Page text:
Contracting firm, BAM, is the latest to offer a one-off cost of living payment to its staff to support workers during challenging economic times. The firm stated that by providing the majority of its 6,000 staff a £750 payment they hoped to "try to support and ease some of the burden" that their colleagues were facing in light of the cost-of-living crisis.
BAM joins a list of businesses including Skanska (£750 to approximately 1,300 colleagues), Sisk (£900 to all UK staff), Keltbray (£1,000 to almost all employees) and Galliford Try (£750 to approximately half of all UK colleagues).
For more details, please click here.
Thomas Barnes & Sons plc v Blackburn with Darwen Borough Council  EWHC 2598 (TCC)
In the above case, HHJ Stephen Davies commented on the evidence of the factual witnesses. He criticised the contractor's witness statements which were "replete with commentary and opinion", despite including confirmations of compliance with PD 57AC. The witness statement in question contained copious reference to and comments relating to various documents, many of which they had not seen at the time of writing. This was taken into account when assessing witness credibility.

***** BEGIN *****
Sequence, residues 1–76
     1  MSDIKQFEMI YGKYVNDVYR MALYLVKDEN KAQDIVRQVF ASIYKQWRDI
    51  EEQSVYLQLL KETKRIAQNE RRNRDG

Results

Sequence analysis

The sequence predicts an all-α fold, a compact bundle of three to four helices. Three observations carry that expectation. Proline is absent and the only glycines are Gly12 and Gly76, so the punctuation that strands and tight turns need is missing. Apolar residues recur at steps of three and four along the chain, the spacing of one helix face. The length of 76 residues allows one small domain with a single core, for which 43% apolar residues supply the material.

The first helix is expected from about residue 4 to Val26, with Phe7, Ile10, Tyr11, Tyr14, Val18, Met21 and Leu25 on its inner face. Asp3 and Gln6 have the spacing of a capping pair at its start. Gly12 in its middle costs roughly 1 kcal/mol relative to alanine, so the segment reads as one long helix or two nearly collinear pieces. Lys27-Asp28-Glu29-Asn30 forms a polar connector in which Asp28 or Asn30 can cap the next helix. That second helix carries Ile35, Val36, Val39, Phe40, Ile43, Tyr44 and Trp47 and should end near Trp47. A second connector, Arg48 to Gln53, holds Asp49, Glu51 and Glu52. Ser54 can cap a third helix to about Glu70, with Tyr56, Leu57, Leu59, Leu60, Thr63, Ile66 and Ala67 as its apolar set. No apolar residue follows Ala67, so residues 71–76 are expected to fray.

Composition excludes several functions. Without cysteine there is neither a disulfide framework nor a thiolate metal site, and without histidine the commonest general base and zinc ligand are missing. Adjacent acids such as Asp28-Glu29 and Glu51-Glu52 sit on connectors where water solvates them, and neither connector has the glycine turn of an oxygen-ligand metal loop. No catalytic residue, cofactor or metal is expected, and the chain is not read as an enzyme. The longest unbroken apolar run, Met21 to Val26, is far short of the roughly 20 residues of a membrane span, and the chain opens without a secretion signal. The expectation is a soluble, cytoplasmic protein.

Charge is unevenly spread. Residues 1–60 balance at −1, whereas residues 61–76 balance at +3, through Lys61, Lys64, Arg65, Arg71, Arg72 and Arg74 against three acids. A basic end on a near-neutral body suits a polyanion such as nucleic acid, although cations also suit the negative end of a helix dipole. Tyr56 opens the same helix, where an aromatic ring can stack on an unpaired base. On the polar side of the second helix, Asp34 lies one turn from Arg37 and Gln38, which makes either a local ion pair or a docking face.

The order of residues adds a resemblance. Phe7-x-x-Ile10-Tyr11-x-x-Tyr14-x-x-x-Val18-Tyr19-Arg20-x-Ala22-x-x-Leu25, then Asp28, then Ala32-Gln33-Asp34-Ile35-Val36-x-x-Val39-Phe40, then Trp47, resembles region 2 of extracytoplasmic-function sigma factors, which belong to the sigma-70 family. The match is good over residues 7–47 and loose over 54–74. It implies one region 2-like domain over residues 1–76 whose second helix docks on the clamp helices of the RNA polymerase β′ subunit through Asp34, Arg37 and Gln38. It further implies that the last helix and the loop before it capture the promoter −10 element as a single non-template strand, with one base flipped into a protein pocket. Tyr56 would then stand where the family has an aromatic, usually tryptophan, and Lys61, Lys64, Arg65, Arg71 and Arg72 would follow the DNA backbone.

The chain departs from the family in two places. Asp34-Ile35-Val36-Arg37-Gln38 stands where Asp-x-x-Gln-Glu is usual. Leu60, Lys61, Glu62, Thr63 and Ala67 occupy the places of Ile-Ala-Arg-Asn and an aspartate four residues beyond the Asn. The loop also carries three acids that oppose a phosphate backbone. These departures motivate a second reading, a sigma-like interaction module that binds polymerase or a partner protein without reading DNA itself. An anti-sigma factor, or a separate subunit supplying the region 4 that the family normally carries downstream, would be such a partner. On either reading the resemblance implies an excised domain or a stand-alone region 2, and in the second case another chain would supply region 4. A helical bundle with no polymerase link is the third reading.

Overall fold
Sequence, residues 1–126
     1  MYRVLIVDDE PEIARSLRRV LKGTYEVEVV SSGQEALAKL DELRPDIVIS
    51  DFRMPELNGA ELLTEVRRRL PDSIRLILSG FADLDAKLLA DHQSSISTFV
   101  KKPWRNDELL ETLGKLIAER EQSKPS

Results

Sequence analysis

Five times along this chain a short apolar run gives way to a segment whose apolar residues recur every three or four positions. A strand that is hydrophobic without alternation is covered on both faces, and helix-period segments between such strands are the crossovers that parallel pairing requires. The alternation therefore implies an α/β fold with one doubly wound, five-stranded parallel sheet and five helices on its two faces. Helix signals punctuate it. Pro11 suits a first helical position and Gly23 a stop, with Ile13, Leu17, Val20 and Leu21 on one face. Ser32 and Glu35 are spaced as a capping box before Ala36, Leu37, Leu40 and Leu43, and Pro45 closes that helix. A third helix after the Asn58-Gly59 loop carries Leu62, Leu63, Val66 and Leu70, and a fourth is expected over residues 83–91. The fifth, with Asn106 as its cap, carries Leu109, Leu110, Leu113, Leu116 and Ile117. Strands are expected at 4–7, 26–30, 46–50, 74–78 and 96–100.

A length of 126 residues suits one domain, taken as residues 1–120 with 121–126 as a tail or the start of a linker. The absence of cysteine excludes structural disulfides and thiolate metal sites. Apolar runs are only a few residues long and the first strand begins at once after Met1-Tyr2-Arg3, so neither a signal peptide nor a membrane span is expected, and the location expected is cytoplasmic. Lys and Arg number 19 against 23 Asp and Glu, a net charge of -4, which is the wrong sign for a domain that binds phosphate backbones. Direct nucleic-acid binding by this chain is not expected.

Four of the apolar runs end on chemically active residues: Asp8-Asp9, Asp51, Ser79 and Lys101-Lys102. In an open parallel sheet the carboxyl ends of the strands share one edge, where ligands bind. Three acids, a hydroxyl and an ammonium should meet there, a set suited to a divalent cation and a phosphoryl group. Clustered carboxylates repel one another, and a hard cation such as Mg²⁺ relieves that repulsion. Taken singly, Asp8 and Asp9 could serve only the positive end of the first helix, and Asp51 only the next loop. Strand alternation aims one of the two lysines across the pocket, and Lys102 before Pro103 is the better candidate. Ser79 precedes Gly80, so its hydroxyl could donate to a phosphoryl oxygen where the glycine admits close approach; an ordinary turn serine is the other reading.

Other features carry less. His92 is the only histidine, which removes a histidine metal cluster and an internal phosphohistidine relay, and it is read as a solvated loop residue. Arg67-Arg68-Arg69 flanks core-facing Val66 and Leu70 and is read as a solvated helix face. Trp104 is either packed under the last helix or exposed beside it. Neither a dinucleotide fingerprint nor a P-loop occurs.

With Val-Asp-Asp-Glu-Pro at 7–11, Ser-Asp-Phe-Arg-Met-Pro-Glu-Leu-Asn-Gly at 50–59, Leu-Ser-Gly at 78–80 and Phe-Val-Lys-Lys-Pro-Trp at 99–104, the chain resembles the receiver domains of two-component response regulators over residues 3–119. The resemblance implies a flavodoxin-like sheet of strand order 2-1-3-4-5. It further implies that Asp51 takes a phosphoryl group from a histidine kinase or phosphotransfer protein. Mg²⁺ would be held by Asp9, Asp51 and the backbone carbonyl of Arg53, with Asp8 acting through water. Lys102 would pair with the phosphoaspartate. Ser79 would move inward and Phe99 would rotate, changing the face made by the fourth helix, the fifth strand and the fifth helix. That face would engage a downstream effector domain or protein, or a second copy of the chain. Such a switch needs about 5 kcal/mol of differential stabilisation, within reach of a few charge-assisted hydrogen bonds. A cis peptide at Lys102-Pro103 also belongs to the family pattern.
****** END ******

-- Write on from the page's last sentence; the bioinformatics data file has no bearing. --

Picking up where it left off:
In addition, it was considered whether to draw adverse inferences from the defendant's failure to call certain witnesses, outlining various situations in which such a failure might arise and how a court would react. It was stated that where a party has been unable to call a witness for reasons outside its control, where it would plainly be wrong for the court to hold that against the party, that party would need to adduce proof that it had made reasonable efforts to trace and call the witness.
The full judgment can be found here.
Key stats on high-rise buildings
The latest statistics released by the Department for Levelling Up, Housing and Communities show that 1 in 10 residential high-rises identified in the aftermath of the 2017 Grenfell Tower fire still use aluminium composite materials ("ACM")
In total, 48 buildings have yet to be fully remediated and are unlikely to meet the new Building Regulations. Of this number, 24 have not begun remedial works and a further 9 have gone no further than announcing their intention to remediate. The majority of these buildings are concentrated around Manchester and Greater London with Brent and Tower Hamlets both having between 10-20 identified buildings in their local authority areas alone.
345 (representing 7 out of 10) of the identified high-rises have been fully remediated and received building control sign-off, while a further 93 have had the ACM cladding fully removed or are complete and awaiting sign off.
The full data release from the Department for Levelling Up, Housing and Communities can be found here.
Authors for this week's edition: Fiona Engledow, Jonathan Chambers and Emma Higgins
Disclaimer: The information in this publication is for guidance purposes only and does not constitute legal advice. We attempt to ensure that the content is current as at the date of publication, but we do not guarantee that it remains up to date. You should seek legal or other professional advice before acting or relying on any of the content.